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Navajo Nation preps lawsuit against EPA over mine spill

Navajo Nation preps lawsuit against EPA over mine spill
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The Navajo Nation is preparing for a legal battle against President Obama's Environmental Protection Agency (EPA).

The tribe contends that the EPA's Aug. 5 accident in Colorado, which made national headlines after turning portions of the Animas River bright yellow, also leaked hazardous substances into the San Juan River — one of the Navajo Nation's primary water sources.
 
Now, they've hired law firm Hueston Hennigan LLP to represent them in what some are predicting could be a multibillion-dollar lawsuit expected to be filed in the coming weeks, as lawmakers on Capitol Hill prepare for a round of hearings examining the issue.
 
And heading their legal team is powerhouse attorney John Hueston, who was the lead prosecutor in the 2006 case against former Enron executives Kenneth Lay and Jeffrey Skilling, who were found guilty of fraud and conspiracy.
 
Russell Begaye — president of Navajo Nation, which totals roughly 300,000 people — also sent a letter to Federal Emergency Management Agency (FEMA) officials on Monday, calling on them to appoint a FEMA official to coordinate their efforts in the response to the spill.
 
"This expansion into Navajo lands via the San Juan River has critically impacted the River and its dependent ecosystems including wildlife, fish populations, and the land base adjacent to the River," Begaye wrote in the letter, first obtained by The Hill.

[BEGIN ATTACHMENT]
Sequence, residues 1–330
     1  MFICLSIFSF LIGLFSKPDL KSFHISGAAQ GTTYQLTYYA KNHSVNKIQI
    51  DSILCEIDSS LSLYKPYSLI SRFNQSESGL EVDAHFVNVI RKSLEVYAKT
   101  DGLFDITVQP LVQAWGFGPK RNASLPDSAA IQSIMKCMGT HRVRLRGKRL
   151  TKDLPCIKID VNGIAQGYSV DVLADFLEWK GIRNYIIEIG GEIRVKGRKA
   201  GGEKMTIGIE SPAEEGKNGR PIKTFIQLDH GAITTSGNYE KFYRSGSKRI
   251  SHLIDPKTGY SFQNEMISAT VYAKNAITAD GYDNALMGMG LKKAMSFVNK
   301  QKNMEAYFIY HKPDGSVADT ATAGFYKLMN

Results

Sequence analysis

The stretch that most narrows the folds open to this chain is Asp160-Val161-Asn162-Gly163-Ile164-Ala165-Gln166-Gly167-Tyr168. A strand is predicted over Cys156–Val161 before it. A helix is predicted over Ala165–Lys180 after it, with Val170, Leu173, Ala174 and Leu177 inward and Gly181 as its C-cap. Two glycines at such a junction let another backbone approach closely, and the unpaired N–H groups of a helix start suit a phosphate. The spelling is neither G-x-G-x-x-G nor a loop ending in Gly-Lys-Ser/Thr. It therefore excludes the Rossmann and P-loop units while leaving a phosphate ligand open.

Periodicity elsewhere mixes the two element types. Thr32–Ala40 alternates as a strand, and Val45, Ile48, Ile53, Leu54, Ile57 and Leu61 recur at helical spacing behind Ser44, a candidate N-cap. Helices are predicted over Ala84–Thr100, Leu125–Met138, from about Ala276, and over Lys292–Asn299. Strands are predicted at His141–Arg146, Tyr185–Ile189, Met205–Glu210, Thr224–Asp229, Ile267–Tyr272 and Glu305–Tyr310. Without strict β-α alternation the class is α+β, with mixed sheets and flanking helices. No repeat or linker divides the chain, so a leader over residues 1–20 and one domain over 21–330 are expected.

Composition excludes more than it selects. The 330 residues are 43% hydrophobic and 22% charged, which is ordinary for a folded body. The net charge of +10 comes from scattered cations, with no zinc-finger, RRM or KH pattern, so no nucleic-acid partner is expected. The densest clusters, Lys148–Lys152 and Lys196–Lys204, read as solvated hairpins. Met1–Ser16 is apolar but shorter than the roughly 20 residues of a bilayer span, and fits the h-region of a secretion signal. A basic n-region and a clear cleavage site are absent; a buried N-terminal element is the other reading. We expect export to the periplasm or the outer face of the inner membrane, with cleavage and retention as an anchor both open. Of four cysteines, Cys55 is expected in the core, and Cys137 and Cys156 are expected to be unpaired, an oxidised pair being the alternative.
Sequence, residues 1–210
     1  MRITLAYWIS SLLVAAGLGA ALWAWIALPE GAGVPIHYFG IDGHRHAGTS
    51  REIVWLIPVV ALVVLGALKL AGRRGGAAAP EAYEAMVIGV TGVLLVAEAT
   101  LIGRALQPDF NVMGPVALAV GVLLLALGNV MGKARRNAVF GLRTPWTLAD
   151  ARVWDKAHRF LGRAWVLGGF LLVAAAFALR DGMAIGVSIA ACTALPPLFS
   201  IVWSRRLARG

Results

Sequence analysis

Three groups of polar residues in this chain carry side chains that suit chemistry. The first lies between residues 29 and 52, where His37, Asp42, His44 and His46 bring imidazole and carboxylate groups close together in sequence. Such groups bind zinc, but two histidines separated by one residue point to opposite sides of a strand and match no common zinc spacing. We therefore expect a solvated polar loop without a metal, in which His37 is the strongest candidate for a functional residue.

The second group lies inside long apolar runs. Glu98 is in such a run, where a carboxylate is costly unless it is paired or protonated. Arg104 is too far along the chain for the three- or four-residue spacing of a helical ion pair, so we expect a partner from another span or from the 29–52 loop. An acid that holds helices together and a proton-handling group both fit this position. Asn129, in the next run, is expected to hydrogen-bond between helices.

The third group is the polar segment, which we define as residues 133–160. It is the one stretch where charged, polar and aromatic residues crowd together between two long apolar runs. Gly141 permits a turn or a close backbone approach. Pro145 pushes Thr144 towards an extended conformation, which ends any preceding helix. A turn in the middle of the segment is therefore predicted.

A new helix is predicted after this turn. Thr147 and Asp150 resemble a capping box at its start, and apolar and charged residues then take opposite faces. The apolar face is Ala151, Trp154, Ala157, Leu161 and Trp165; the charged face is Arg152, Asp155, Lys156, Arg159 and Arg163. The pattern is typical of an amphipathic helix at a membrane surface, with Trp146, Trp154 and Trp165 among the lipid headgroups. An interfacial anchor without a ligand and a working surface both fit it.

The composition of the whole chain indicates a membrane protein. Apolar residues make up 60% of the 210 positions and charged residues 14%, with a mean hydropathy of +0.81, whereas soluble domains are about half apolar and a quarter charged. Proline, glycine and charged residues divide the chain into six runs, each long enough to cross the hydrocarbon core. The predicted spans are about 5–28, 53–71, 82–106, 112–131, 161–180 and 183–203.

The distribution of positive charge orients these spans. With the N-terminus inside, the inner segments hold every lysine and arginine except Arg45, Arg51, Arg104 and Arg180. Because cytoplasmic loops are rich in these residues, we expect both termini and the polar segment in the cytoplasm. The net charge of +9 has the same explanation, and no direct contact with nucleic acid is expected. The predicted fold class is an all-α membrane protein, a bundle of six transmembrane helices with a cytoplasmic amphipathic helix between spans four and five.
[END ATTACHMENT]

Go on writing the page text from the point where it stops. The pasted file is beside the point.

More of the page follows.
He said that "the nature of this toxic chemical spill will acutely and chronically impact the River and dependent ecosystem if immediate and effective corrective actions and remedies are not taken."
 
Navajo Nation Attorney General Ethel Branch said in a statement that the hazardous-material spill "has been devastating to our culture and economy, as well as to the peace of mind of our people.
 
"With unknown amounts of this fine sediment in our water we now face the risk of reliving this nightmare with every major increased water flow event affecting the river,” she said in a statement.
 
EPA officials have previously announced that they've launched an internal investigation into the spill.
 
Navajo leaders say EPA officials accidentally released about 3 million gallons of water contaminated with arsenic, lead and cadmium after officials were inspecting a mine.